computational paleontology

Since 1994 I have been involved in developing new digital techniques to reconstruct and visualize the skeletal structure of dinosaurs, and to study their body form and kinematics. Below you can find a sampler of my research, as interactives drawn from conference presentations, journal articles, museum interactives, and animations for video productions and other media.

1. kinematic reconstruction of walking gaits

A novel computational method to reconstruct walk cycles is described which is based on the simple notion that during a walk (whether performed by a robot, modern tetrapod, or dinosaur), there are periods when two or more limbs simultaneously drive the animal forward, hence their kinematic chains must cooperate, which provides important constraint on inferring the gait.

read more

2. inferring neck posture from modern vertebrate behavior

The curvature of the neck in the osteologically undeflected state, and how it relates to characteristic behavioral poses.

read more

Apterix in ONP

3. Visualizing allometric changes in whole skeletons

Digital animation techniques can be adopted to allow the visualization of relative growth rates in whole skeletons, using various metrics as the basis for isometric growth.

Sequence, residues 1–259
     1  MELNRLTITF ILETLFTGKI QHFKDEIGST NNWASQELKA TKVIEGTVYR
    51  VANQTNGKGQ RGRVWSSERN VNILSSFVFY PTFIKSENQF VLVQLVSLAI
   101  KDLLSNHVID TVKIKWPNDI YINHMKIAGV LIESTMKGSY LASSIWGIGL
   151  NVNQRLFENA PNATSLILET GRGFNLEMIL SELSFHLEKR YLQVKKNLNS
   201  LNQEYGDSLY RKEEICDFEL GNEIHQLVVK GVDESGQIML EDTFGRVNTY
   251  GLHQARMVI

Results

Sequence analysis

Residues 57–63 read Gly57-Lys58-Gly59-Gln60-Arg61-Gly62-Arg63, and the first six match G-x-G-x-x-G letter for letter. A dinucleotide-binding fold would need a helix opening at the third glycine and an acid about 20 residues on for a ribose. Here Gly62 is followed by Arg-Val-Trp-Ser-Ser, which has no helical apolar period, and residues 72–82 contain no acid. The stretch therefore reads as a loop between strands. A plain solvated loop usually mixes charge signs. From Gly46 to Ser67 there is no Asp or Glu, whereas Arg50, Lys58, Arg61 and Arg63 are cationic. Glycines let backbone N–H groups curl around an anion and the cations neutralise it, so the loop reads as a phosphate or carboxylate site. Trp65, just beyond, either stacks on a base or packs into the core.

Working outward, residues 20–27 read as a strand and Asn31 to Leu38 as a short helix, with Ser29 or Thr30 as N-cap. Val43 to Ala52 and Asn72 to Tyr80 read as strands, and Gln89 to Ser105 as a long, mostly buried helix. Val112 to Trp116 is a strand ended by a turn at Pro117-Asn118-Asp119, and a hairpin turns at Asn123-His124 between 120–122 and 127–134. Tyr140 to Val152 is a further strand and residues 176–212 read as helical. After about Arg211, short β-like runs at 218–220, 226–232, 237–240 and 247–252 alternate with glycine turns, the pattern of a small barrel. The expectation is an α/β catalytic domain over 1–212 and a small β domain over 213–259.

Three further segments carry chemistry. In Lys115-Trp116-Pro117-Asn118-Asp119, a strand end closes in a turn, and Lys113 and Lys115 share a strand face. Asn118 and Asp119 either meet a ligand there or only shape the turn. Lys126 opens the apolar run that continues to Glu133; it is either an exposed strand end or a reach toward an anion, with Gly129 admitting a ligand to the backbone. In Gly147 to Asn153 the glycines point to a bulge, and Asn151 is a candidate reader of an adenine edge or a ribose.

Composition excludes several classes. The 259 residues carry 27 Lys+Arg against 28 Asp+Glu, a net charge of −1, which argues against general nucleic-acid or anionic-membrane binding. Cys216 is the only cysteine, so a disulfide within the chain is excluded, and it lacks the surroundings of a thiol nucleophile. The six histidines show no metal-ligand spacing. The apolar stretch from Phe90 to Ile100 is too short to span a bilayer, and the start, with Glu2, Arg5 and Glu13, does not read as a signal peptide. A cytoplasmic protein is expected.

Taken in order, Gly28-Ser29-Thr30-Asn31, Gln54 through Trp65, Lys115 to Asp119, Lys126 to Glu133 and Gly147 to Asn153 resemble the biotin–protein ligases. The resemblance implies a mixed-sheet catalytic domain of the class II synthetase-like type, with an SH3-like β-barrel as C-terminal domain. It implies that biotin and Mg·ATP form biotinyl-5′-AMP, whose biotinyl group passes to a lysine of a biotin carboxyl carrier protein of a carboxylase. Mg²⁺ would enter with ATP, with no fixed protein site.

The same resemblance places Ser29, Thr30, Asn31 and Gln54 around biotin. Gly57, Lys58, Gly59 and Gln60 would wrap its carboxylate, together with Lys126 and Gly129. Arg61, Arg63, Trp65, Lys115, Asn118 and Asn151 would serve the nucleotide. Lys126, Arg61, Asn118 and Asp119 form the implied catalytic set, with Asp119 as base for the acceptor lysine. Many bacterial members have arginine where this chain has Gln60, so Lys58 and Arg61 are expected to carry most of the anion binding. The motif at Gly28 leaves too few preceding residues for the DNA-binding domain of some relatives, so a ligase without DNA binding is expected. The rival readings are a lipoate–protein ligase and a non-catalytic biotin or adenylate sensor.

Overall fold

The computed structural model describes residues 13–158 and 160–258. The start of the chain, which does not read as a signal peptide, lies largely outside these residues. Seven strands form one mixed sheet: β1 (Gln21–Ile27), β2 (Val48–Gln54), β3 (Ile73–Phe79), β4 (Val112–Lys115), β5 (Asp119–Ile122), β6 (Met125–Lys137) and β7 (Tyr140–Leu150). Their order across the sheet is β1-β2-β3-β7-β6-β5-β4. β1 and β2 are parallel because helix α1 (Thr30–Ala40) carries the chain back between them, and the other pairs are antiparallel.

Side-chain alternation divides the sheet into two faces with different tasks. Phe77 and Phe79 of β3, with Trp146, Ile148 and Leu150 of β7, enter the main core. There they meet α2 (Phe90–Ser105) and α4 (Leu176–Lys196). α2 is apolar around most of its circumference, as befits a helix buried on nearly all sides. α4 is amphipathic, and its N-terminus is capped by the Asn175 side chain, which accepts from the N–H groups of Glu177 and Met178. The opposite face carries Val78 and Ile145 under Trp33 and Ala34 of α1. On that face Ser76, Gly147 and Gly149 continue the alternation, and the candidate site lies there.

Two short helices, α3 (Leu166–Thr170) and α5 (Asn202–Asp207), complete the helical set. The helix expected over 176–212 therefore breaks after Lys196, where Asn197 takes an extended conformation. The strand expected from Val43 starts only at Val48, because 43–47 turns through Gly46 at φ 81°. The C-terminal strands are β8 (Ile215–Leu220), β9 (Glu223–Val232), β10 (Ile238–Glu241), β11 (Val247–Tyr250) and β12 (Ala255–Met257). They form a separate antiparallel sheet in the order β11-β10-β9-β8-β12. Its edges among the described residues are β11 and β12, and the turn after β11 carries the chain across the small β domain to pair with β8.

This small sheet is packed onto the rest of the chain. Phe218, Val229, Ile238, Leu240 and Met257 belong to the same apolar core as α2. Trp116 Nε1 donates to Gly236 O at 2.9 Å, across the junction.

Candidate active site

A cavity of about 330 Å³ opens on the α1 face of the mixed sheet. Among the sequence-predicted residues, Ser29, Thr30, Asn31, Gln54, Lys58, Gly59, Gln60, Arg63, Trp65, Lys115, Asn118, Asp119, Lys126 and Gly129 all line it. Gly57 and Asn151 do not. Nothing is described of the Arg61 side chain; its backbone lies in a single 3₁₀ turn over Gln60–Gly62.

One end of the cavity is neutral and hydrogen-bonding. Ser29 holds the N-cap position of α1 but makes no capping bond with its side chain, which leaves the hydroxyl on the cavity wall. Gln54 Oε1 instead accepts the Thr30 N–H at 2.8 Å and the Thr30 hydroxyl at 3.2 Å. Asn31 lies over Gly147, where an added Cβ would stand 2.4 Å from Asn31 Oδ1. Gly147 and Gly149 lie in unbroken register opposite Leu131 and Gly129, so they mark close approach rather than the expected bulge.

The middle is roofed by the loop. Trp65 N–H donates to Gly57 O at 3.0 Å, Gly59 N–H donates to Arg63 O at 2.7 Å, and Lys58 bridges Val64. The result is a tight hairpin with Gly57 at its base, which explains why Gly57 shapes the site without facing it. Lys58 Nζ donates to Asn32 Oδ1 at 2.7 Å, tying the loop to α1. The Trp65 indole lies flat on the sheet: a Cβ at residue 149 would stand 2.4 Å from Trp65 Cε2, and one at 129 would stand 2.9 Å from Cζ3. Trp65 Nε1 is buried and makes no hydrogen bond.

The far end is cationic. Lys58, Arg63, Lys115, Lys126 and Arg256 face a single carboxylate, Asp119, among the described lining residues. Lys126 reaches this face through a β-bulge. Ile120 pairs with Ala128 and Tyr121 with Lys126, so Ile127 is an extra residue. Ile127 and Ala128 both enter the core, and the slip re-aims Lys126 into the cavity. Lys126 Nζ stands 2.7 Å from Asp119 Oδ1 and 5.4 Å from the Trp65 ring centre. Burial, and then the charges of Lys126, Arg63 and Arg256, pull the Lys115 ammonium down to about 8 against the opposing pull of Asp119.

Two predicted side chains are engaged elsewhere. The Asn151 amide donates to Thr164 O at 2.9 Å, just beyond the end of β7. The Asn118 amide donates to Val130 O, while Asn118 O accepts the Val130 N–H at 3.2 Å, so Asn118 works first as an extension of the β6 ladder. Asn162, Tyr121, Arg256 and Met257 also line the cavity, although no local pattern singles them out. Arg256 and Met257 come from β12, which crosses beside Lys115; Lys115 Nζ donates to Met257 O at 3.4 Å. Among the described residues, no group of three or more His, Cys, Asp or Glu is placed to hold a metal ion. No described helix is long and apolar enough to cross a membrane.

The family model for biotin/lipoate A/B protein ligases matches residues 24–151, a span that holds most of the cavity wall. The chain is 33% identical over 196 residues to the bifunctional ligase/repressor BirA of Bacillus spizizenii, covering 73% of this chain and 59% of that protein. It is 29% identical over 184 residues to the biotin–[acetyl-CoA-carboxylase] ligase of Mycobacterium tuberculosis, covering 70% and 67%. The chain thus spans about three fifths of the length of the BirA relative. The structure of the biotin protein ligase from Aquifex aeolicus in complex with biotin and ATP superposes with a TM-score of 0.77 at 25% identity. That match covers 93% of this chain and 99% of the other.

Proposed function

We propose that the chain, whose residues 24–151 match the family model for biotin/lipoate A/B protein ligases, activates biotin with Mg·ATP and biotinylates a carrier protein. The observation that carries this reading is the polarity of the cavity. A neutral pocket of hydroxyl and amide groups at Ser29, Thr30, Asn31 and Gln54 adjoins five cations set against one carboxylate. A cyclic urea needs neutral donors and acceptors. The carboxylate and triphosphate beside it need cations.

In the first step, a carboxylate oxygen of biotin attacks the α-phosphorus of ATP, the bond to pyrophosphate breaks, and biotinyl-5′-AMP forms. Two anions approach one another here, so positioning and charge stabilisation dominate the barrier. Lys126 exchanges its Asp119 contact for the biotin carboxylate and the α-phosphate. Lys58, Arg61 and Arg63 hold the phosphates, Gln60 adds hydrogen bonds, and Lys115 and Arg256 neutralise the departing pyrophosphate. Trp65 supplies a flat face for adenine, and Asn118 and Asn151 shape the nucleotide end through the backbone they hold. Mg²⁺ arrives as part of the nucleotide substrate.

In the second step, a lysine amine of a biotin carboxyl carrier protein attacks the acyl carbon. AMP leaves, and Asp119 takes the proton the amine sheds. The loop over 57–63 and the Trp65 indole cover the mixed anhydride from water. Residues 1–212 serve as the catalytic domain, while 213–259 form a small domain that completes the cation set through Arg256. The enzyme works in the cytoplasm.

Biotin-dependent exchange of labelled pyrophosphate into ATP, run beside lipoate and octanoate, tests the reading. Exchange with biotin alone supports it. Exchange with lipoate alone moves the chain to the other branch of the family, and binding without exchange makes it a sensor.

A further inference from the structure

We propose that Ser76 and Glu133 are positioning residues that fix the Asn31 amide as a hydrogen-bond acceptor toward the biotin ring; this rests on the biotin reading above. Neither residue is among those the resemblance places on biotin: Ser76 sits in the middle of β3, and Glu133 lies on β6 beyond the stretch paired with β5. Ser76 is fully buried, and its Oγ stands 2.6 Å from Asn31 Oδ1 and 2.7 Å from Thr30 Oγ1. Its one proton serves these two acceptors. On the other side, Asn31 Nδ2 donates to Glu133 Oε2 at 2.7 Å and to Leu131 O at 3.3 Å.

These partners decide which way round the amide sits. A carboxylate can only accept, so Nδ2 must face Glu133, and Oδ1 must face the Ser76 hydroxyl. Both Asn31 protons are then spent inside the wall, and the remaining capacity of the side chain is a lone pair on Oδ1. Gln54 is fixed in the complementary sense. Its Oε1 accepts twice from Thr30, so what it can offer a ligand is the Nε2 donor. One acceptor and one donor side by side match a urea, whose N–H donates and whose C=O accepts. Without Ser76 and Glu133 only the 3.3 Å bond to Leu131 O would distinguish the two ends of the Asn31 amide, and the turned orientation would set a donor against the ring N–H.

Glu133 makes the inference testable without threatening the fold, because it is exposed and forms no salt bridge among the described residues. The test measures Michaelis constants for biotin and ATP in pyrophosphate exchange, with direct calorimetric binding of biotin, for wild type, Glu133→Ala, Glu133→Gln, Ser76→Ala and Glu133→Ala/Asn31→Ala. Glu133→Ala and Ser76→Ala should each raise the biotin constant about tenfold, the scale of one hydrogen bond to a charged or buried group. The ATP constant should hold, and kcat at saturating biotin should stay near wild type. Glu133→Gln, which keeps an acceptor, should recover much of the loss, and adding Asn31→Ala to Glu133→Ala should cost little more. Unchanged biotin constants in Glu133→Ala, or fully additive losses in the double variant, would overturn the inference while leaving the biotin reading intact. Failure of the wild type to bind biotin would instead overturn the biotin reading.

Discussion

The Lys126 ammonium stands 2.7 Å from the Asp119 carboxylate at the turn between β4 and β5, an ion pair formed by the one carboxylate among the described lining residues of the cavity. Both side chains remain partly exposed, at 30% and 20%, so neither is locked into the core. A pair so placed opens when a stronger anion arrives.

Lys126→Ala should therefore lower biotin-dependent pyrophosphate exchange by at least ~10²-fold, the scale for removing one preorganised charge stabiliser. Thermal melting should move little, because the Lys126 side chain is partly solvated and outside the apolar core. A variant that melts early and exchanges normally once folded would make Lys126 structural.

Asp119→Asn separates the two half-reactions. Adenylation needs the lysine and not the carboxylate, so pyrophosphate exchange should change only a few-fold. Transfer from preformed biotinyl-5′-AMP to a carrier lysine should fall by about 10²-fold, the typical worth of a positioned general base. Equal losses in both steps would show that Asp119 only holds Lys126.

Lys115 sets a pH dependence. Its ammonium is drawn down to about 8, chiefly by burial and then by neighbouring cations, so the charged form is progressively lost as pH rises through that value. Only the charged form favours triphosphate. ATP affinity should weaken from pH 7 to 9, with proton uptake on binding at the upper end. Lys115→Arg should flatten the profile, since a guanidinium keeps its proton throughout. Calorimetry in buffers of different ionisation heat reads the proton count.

read more

juvenile T. rex

4. sauropods, sauropods, sauropods

An analysis of their pose and range of motion of various sauropod necks, and what it might say about their feeding habits.

read more

Gertie dancing

5. the binocular vision of theropod dinosaurs

A method to estimate the degree of binocular overlap is introduced to compare the potential for stereoscopic depth perception in various theropod dinosaurs.

read more

6. museum installations

Digital animations bring dinosaur skeletons alive for the public.

read more

multiple skeletal models

7. presentations

A sampler of my presentations at Annual Meetings of the Society of Vertebrate Paleontology (SVP) and Symposium on Vertebrate Paleontology and Comparative Anatomy (SVPCA), many available as QuickTime Interactives (and including digital animations), earlier presentations only as abstracts.

read more

8. Tyrannosaurus rex

With no need for introduction, the one and only ...

read more

Copyright © 2011 Kent A. Stevens, University of Oregon Page Counter